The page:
Hello! I am sorry about the delay in the posting for this week. All of the work that I am doing for the book has been taking up all of my time, so every time I sit down to do a post, there are like fifty other things to finish. I love doing the work, but I am very tired at the end of every day.
So one of the important things I have learned through researching marketing techniques for Chasing Fae is the necessity of reviewers. Personally, I don’t usually read reviews before I choose to buy a book, but I know many people do. Several of my friends skim the first few reviews to see if a book will be any good. Reviews help sell books. They help gain credibility for an author, and they help find you new readers. Today, I’m going to share my best advice for reaching out to book bloggers and reviewers.
First, A Short List of Book Bloggers and Reviewers for Young Adults
Get To Know Your Chosen Reviewer And Their Platform
The key to securing the most opportunities to book bloggers and reviewers is to be organized. Take a look at the resources that I have posted above, and make yourself a list of reviewers that you might be interested in reaching out to. Please make sure to double check that they have had a few posts in the last couple months or so. Then explore the blogs that you have chosen. Explore the selection of their reviews. Get familiar with their work.
Make sure to specifically take note of their review policy. Here, you will find how to contact the person, what genres they are looking for at the time, and most importantly, what formats they want. This can change regularly. You also want to know what information to include in your email or contact form such as the title, publisher, and a brief summary. Here is a great article that is super helpful in learning how to format your emails to reviewers. Don’t forget to include a personal note of why you want this particular reviewer; connect it back to the person or the site.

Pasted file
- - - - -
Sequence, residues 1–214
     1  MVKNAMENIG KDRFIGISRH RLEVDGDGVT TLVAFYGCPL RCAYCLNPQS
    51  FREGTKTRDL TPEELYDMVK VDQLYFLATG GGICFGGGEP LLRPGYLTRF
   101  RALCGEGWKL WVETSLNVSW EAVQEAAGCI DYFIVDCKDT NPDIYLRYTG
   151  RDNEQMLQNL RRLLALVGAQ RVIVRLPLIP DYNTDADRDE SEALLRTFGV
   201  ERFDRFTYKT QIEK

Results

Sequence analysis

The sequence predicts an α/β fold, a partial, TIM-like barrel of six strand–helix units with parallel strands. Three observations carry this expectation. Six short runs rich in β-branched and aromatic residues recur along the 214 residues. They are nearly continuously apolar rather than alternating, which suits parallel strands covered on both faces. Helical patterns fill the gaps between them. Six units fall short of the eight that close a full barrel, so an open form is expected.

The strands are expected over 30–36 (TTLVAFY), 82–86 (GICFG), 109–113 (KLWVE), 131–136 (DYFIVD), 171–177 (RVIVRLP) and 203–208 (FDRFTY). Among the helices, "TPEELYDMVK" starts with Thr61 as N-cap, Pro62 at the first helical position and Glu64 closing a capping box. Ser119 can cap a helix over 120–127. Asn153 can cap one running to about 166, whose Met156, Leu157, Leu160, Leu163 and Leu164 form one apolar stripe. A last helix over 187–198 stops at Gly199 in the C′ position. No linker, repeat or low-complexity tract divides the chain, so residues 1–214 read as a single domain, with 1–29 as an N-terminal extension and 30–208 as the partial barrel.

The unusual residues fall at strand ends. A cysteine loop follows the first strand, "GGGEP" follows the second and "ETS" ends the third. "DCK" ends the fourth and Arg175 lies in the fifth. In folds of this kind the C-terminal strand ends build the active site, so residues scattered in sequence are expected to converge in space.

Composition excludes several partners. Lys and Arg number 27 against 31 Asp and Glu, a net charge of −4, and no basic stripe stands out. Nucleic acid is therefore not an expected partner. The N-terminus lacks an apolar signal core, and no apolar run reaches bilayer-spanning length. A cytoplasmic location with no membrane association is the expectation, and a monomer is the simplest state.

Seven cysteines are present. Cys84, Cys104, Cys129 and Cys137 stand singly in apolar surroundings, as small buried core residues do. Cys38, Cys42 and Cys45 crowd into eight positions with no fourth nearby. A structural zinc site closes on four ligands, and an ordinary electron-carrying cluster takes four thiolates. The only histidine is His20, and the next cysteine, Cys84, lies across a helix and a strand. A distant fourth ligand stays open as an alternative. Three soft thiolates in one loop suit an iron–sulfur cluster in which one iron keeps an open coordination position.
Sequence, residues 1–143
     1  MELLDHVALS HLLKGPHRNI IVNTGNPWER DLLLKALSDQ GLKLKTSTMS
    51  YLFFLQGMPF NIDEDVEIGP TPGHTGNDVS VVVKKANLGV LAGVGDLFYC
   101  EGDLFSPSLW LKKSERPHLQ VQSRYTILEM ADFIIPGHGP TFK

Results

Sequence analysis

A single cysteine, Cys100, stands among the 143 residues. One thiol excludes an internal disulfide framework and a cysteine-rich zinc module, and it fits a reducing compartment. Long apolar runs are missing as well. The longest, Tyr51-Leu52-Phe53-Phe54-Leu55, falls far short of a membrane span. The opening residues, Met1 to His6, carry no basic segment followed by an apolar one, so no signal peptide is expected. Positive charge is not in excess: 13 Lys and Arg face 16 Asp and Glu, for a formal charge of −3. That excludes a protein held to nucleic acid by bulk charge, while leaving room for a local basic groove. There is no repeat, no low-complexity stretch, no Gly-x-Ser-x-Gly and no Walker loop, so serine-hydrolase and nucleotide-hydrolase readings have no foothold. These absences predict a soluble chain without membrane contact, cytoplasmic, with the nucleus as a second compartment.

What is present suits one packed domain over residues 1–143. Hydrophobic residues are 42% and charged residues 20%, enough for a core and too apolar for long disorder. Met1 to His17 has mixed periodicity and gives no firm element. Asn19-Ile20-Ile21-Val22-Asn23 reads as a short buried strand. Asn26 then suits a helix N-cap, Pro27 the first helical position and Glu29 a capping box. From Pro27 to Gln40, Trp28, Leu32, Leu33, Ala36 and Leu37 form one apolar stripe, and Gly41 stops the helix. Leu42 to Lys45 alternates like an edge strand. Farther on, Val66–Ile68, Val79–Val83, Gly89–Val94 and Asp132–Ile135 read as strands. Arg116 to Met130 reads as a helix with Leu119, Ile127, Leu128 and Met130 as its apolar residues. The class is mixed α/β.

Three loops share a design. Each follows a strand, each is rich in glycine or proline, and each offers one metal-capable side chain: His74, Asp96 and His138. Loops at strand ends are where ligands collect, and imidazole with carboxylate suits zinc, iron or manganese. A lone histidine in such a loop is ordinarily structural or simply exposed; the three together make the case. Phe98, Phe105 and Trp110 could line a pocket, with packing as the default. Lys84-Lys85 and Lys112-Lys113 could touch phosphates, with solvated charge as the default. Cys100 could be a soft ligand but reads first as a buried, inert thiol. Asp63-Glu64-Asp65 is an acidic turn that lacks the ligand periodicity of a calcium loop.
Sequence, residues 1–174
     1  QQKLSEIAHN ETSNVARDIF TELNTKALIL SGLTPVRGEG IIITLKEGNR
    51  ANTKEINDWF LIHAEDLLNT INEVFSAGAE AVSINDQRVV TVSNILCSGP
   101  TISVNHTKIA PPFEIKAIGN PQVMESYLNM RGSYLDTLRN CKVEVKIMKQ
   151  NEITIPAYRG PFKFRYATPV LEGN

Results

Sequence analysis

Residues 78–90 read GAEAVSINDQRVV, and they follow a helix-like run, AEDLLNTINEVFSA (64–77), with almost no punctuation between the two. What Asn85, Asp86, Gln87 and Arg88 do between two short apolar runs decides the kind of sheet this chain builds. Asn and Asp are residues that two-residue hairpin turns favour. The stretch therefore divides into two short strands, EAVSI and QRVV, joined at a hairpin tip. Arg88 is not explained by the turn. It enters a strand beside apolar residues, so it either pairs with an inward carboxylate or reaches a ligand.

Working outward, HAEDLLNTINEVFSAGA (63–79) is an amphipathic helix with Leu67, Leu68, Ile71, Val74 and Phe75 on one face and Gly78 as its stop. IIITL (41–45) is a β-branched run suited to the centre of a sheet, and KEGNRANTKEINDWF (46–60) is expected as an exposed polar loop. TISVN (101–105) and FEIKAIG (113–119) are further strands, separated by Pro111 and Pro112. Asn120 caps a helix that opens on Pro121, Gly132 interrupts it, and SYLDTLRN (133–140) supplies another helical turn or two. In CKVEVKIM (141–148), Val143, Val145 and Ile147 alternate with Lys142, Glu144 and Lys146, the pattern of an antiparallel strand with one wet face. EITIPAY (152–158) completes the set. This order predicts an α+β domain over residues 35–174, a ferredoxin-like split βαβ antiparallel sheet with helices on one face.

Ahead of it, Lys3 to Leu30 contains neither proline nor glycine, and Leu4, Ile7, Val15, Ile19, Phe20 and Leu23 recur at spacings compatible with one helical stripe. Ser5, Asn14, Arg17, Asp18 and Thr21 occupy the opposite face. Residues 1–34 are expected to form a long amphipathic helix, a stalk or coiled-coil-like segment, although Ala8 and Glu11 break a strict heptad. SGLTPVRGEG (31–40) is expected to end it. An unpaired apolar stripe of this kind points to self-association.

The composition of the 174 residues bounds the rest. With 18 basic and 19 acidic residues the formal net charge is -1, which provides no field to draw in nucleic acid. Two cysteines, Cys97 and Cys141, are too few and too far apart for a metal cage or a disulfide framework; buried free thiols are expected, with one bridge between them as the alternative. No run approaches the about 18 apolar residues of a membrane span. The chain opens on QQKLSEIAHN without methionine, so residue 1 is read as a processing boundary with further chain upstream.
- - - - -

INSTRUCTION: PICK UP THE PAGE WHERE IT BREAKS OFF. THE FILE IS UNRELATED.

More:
Take Time To Plan These Things Out
I spent days putting together a good list of bloggers. I have spent days drafting and sending out messages so far, and I have a long way to go before I finish reaching out to everyone. You don’t want to give yourself just one day to get all of this done. It is a process and one that you’ll be spending time on while you revise, market, write, and market some more. Find some times every day to chip away at that long to-do list, and you will see it go down.
I like to keep a table of emails sent and responses received. It is way too easy to get busy with other pieces of the writing and publishing process and forget that you had outstanding requests to bloggers and reviewers. When I receive an email back from someone, I go back and add it onto my to-do list for the day: “Reply to Person X”. I mark it on my table, and then I remember to reply every time. If you don’t hear a response from someone that you’re expecting a response from or don’t hear in the time frame a reviewer has listed on their review policy, feel free to send a second email. Keep it short and polite with all of the impertinent information. And I can’t say it enough, keep track! Check your email regularly and keep updating your list or table (or both).
Happy writing, everybody!